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Blood On SCDSS’ Hands?



A four-year-old child who was brutally murdered by his parents last week was placed in the home by the S.C. Department of Social Services (SCDSS), sources close to the family tell FITS.

The young boy – son of 28-year-old Robert Antonio Guinyard and 25-year-old Courtney Shante Thompson – was killed last Monday by blunt force trauma to the head and body. According to WLTX TV 19 (CBS – Columbia, S.C.), Richland County Sheriff’s deputies say “the child was beaten throughout the day, and when his mother came home, she did nothing to help the child.”

Guinyard and Thompson have been charged with homicide by child abuse – while a newborn in the home was taken into protective custody.

Here’s the thing, though …

According to our sources, “protective custody” in South Carolina – which was recently ranked as one of the worst states for children – isn’t especially “protective.”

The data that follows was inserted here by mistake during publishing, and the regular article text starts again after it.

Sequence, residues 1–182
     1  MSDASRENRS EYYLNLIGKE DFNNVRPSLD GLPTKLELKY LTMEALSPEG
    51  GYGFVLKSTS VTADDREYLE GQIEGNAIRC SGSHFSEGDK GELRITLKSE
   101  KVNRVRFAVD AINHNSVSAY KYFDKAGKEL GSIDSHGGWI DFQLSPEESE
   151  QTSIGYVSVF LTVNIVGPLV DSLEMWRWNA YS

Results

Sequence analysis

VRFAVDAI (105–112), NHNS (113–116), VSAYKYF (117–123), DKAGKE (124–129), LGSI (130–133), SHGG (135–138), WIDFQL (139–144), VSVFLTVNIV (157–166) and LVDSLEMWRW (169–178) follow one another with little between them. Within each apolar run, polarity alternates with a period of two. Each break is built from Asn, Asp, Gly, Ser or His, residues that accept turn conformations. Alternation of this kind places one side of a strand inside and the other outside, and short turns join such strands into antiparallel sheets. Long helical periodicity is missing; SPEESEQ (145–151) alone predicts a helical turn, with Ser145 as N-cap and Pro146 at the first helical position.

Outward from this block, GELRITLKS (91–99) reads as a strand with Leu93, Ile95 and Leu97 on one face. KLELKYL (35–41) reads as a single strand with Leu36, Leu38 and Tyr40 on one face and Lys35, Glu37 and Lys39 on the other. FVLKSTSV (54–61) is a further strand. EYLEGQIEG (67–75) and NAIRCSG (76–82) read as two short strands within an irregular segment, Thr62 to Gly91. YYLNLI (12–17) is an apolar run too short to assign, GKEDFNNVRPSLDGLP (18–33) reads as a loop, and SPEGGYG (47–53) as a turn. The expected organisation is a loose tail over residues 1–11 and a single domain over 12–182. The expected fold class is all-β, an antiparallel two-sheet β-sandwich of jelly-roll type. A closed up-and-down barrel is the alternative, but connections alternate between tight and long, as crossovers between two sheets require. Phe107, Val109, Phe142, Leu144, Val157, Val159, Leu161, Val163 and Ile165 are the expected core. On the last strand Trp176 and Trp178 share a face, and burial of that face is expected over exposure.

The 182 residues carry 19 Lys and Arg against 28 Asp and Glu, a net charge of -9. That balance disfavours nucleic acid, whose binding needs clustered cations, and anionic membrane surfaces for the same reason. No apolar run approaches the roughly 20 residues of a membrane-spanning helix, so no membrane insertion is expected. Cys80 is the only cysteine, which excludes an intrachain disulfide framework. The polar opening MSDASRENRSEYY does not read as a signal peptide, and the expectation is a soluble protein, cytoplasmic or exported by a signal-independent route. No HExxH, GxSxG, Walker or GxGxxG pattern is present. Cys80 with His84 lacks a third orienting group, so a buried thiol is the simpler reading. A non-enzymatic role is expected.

In fact SCDSS has been accused of returning this boy to Guinyard and Thompson’s “care” even though Thompson allegedly told the agency she didn’t want the child.

“The aunt of the child was trying to get custody, but the child was beaten to death before that could happen,” a source close to the family tells FITS. “SCDSS has blood on its hands again.”

Calls to the agency were not immediately returned and previous efforts by FITS to obtain information from SCDSS using the Freedom of Information Act (FOIA) have been unsuccessful. We’ll be sure to let our readers know if we’re able to get anything out of director Lillian Koller’s secretive bureaucracy, though.

Also, sources tell FITS there is a much more chilling case involving alleged incompetence on the part of SCDSS about to break … so stay tuned for that report.

Lawmakers have been clamoring for reform of this incompetent agency – which is part of Gov. Nikki Haley’s cabinet – for months. In fact earlier this year, S.C. Rep. Jenny Horne (RINO-Charleston) demanded a legislative audit of SCDSS.

“It needs to be reformed,” Horne told WCIV TV 4 (ABC – Charleston, S.C.) back in March. “Some people may not need to be working at DSS if they have the attitude that they are not going to protect children.”